There are many doubts regarding mechanisms to review the progress made under SDGs

workshop1A report of the workshop on Sustainable Development Goals and budget-making, organized by Centre for Social Justice, Pathey, Centre for Budget & Governance Accountability and Wada Na Todo Abhiyaan in Ahmedabad:

The United Nations General Assembly resolution ‘Transforming our World: The 2030 Agenda for Sustainable Development (SDGs)’ is officially in force since January, 2016. The Agenda comprises of a comprehensive, integrated and universal set of 17 Goals and 169 targets and builds upon the efforts of Millennium Development Goals (MDGs) to chart the world development roadmap for the next 15 years, which balances economic growth, social development and environment protection.

India has risen to the occasion with its commitment towards SDGs being reiterated from the highest political level. The NITI (National Institution for Transforming India) Aayog is the nodal body tasked with coordinating SDGs and preparing national framework for the rolling out of SDGs. As the Ministry of Statistics and Programme Implementation (MoSPI) comes up with the national indicators and the NITI Aayog remoulds our development planning structure (15-year vision document, 7-year strategy paper and 3-year action plan) one hopes that the spirit of sustainability and the pledge to leave no one behind is duly reflected in each of these policy articulations.

A look at the ambitious scope and revolutionary zeal of SDGs gives in to the realization that the inclusive vision of such a world reality by 2030, mandates an innovative government working in creative partnerships with all stakeholders, including the general public and civil society organizations (CSOs) in planning, performance and monitoring of SDG processes.

Budget analysis of policy commitments of government is an effective means of involving citizens in governance by enabling them to make sense of the actual development priorities, the progress being made and thereby hold the governments accountable. CSOs play an increasingly important role in analyzing government budget policies, advocating for more transparent and inclusive budget processes and ensuring deeper engagement in the budget process on the part of legislators, media and citizens.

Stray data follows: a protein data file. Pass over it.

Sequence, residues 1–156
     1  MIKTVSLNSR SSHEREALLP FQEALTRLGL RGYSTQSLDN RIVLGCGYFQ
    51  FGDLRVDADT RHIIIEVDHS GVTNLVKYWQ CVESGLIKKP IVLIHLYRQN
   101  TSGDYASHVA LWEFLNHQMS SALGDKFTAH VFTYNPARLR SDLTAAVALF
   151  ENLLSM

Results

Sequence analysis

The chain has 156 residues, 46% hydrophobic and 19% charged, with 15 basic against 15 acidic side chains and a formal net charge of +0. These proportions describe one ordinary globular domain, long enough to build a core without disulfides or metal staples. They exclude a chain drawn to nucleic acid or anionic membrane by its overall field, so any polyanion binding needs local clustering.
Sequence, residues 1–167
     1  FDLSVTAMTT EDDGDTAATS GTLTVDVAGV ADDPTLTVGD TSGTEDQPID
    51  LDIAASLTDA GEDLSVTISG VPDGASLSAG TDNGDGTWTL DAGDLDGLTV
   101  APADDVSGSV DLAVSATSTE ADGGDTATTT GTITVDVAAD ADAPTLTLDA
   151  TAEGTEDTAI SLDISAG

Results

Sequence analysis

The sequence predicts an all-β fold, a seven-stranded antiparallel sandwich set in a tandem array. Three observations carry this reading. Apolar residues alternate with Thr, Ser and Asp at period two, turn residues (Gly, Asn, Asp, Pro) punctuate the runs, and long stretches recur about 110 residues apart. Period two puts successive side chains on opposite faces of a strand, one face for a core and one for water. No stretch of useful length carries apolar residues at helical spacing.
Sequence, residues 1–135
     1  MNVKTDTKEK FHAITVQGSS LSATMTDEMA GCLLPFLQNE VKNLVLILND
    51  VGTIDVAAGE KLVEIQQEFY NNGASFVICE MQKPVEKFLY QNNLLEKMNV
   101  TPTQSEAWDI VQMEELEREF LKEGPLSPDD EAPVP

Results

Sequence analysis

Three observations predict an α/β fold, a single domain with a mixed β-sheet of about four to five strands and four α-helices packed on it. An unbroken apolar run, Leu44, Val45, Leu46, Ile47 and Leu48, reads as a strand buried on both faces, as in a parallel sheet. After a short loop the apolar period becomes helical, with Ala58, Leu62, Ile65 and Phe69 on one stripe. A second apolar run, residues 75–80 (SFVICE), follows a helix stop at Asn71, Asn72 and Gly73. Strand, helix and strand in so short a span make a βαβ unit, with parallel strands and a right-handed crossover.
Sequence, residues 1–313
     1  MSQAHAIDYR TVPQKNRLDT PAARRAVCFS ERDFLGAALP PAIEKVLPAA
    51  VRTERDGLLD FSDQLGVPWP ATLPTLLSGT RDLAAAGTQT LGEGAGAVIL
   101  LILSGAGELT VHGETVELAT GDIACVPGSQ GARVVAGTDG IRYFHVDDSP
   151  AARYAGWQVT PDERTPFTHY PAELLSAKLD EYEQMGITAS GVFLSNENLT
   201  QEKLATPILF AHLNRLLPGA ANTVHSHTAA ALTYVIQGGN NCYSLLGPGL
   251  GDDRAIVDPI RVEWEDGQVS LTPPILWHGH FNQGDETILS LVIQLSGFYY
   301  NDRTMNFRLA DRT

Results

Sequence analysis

Centre for Social Justice jointly with Centre for Budget and Governance Accountability, Pathey and Wada Na Todo Abhiyaan organized a present workshop in Ahmedabad aimed at developing understanding on and strengthening implementation and monitoring of SDGs in India by initiating budget analysis of government promises and spending for key goals. The objectives of the workshop included:

  1. Status update on SDGs implementation in India.
  2. Budget analysis of Centre and State governments relating to key Sustainable Development Goals.
  3. Increased budget awareness and literacy among CSOs to enhance government accountability.

The workshop focused on enabling citizens groups to integrate budget analysis and policy advocacy approach in their work and realize its full potential in monitoring and evaluation of SDGs. It particularly focused on goals relating to poverty elimination, quality education, gender equality and access to justice.

Fahad Mohammed Khan traced the history behind the SDGs noting that the MDGs had not been achieved up to the mark by the time it was up for review in 2015. There was no uniformity in the achievement of those goals and a number of other issues existed. These previous set of goals had been formed in a very exclusive manner as opposed to the process undertaken for the formation of the SDGs which was widely participatory in nature, involving civil society organizations (CSOs) and even the public. Around six to seven are SDGs are similar to MDGs. Other goals incorporate current needs such as peace, access to justice, environment, infrastructural development etc. A three-dimensional approach for social, economic and environmentally-sound development has been used where the achievement of none of the goals is isolated from each other.

He explained that the SDGs came onto force on 1st January, 2016 and NITI Aayog is responsible for its implementation in India. Mapping was done to relate existing schemes to the SDGs. However, with 169 targets to be met and no final indicators to work with being made, the implementation process is on stand-by. It is expected that by the end of 2016, something concrete may be possible.